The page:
Part of Speech: Adjective
Meaning: Separate and distinct, detached from any others that might be similar or related.
Notes: Today's Good Word is often confused with its homophone (word pronounced the same), discreet "prudent, circumspect so as not to cause embarrassment to others". Just remember that discrete and discreet are two discrete words that you do not have to be discreet in using. Discrete is distinguished by the fact that its T stands between its two discrete Es. You may use the adverb discretely and the noun, discreteness, discreetly or indiscreetly.
In Play: Separate is fuzzier than discrete; discrete emphasizes separateness and distinctness: "This problem may be reduced to three clearly discrete issues." If a company has three separate divisions, the divisions may have little autonomy; however, if the divisions are discrete, they must have considerable autonomy.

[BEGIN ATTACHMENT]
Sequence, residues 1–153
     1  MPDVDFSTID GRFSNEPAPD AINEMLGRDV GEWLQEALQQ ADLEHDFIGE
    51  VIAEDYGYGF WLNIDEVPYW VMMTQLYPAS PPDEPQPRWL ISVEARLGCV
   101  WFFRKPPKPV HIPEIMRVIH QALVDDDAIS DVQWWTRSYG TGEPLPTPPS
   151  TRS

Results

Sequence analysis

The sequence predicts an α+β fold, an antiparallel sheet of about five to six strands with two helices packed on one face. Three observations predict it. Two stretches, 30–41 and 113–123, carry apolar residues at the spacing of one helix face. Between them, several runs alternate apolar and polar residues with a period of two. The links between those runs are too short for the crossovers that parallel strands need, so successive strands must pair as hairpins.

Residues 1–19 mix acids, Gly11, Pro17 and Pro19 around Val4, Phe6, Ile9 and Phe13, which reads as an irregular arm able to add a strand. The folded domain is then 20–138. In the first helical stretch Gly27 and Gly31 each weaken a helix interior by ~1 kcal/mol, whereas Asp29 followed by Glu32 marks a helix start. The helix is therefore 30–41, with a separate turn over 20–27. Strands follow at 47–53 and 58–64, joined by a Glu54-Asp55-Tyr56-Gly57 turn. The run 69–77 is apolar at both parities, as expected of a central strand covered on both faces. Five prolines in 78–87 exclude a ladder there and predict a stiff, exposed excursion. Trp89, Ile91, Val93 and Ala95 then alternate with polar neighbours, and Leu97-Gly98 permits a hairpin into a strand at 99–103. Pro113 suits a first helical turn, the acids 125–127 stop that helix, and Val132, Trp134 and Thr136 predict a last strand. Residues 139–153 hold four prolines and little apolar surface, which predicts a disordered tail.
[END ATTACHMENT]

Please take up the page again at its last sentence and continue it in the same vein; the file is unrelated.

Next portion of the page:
Word History: The Latin word discretus, from which English borrowed today's Good Word, is the past participle of the irregular verb discernere "to separate, take apart", made up of dis- "apart" + cernere "to distinguish, to perceive". As you can see, we also borrowed the present tense of this verb for our discern. English also borrowed the French word discret which had drifted off to the meaning "discerning, prudent" and spelled the two discrete and discreet, often confusing them as we still do today. By the 17th century the two spellings and the two meanings had aligned themselves to the match we have now. (Today we very indiscreetly offer our discrete thanks to Marleen Adams for suggesting today's often confusing Good Word.)
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